ONE PART of Socialist Worker's role each week is to be a mini-manifesto for Respect. And that makes it essential reading for everyone who wants to see Blair humbled from the left on 10 June. One example of how the paper can work comes from Croydon and Sutton. There the Respect election agent bought a copy of the paper and e-mailed the article by London candidate Lindsey German to everybody on the Respect contact list.
TURNING ON the radio for Today in Parliament on 28 April, I hear Michael Howard mocking Blair over immigration. He points out that the prime minister's speech on the subject to the CBI that week had not been planned, but had been inspired by panic at newspaper headlines.
UNITE AGAINST Fascism is the biggest anti-fascist movement in Britain since the 1970s. It has brought together anti-racist activists, the Muslim Council of Britain and socialists with youth clubs and musicians. Every trade union has signed up. Unite is planning to take the campaign to the next stage with five big festivals in areas that the Nazi BNP are targeting in the 10 June election (see below for details). The first of these took place in Sunderland on Monday of this week, with at least 8,000 people during the day. There will also be a national campaign of mass leafleting.
"I would like to locate the question of poverty and the G8 in the context of the crisis of global capitalism." Those are not my words. They are the words of US billionaire George Soros. When Soros starts talking about the crisis of world capitalism, we should also call a spade a spade.
The world is still a system of nations and governments, dominated by imperialism and with contradictions between these governments. The history of the G8 is the history of the most powerful nations trying to come to common solutions to problems-but also a history of tensions between them. The G8 was created in 1975 -f irst as G5 and growing to G8. It was set up at the start of a global recession and just after the US lost the Vietnam War. There are four periods in the development of the G8. The years 1975 to 1977 were the period of looking for Keynesian solutions-looking for new areas in which to invest. The G8 countries invested large amounts of capital in the south. At the end of the 19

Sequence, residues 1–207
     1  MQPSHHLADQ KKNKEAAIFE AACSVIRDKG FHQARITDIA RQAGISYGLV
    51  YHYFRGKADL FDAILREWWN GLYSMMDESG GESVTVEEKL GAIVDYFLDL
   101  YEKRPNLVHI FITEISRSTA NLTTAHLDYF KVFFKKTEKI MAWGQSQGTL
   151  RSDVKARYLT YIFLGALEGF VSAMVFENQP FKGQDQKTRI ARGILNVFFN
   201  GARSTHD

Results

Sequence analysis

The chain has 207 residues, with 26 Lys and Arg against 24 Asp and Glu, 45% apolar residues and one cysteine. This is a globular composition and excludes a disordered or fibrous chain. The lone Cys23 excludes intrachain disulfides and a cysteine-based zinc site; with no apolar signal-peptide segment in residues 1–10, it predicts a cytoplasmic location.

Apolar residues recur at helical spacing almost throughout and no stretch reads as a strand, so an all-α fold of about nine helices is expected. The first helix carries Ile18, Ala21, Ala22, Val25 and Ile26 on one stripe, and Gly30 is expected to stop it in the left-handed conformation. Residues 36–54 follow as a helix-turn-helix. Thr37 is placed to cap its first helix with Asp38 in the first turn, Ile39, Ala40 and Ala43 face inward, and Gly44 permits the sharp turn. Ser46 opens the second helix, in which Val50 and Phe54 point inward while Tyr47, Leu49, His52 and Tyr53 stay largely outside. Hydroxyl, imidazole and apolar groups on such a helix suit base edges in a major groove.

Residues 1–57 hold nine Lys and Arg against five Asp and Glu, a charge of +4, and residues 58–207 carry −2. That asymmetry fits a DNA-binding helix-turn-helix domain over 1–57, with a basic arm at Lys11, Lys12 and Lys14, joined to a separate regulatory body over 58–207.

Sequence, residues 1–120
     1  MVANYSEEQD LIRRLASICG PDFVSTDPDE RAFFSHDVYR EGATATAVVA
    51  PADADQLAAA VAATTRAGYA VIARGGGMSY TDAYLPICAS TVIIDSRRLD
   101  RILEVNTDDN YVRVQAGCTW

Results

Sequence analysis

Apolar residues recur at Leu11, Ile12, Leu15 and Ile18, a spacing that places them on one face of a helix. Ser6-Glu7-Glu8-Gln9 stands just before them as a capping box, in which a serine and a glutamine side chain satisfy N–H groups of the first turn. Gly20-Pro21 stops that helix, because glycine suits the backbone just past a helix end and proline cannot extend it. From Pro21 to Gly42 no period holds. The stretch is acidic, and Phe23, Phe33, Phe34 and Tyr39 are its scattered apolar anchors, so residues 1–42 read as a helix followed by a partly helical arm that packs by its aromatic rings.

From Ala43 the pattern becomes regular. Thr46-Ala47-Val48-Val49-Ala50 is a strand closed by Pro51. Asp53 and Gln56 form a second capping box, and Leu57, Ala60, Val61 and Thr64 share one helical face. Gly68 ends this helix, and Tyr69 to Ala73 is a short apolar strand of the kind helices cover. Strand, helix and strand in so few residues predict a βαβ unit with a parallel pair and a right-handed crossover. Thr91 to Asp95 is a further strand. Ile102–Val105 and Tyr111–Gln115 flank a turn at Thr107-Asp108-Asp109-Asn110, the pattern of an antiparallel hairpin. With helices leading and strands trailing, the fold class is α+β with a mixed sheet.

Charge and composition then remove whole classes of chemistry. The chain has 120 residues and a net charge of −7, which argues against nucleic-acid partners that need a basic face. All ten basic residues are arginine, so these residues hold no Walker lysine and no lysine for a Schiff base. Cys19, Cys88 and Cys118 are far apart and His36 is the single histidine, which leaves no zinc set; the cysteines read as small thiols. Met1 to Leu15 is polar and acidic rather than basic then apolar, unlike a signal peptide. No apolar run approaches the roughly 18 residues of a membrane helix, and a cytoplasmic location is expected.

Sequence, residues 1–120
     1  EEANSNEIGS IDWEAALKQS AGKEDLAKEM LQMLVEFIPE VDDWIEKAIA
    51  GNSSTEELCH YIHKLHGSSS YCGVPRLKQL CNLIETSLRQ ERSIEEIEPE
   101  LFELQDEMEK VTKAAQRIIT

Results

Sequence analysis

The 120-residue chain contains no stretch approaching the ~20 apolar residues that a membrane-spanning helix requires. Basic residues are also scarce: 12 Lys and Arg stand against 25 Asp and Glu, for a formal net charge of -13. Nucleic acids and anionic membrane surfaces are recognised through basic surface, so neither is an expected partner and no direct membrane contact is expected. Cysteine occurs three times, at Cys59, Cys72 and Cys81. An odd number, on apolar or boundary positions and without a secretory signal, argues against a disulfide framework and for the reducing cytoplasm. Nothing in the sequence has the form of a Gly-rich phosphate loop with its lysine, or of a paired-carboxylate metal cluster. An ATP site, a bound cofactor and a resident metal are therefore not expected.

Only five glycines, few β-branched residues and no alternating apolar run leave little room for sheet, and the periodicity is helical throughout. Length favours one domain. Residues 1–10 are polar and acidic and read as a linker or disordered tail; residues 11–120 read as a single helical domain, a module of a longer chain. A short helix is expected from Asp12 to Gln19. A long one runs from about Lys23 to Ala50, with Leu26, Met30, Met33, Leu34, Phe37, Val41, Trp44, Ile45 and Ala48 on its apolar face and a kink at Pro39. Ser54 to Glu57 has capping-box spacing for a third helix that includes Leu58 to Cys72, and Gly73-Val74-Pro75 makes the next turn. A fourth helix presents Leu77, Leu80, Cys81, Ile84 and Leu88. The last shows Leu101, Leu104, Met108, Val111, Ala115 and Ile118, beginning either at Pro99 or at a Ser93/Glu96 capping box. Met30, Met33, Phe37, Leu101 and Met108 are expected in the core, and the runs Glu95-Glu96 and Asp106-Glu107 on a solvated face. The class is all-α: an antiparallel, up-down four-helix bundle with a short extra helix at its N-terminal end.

FROM MEETING your ancestors to what made Hitler tick, history is never off our television screens. There are the serious programmes, where weighty professors like David Starkey talk straight to camera and pronounce their conventional view of great kings and queens.
THE WORLD has seen US troops' torture of Iraqi prisoners. These pictures have smashed the last excuse trotted out to justify the occupation of Iraq. As resistance to the occupation grew, apologists for imperialism clutched desperately at the idea that at least human rights would be better with Saddam Hussein gone.
Man y people in the anti-war and anti-capitalist movements agree with us on general principles. They agree that socialists must oppose all forms of oppression. They agree that any movement against capitalism must involve the initiative, energy and imagination of millions of organised workers. They agree we must unite the widest forces against the fascist BNP. They utterly oppose the Tory party and don't trust the Liberal Democrats. Mostly, they know the Labour Party offers no way forward.
History has always been a battlefield. With the tragic death of Brian Manning while on holiday in Italy, the left has lost its most formidable champion of a Marxist understanding of the English Revolution of 1640-1660.
Bush has no right to control our bodies OVER ONE million people came out for a historic march on 25 April in Washington DC to demonstrate for abortion rights. The National Mall, which has been the site of large mobilisations for decades, was teeming with women from all backgrounds, taking nearly two hours to pass a single point on the 2.5-mile march.
\"A BLUEPRINT for race riots.\" That's how the pornographer Richard Desmond's Star described a scheme in Tower Hamlets, east London, to provide sheltered accommodation for elderly Asians last week.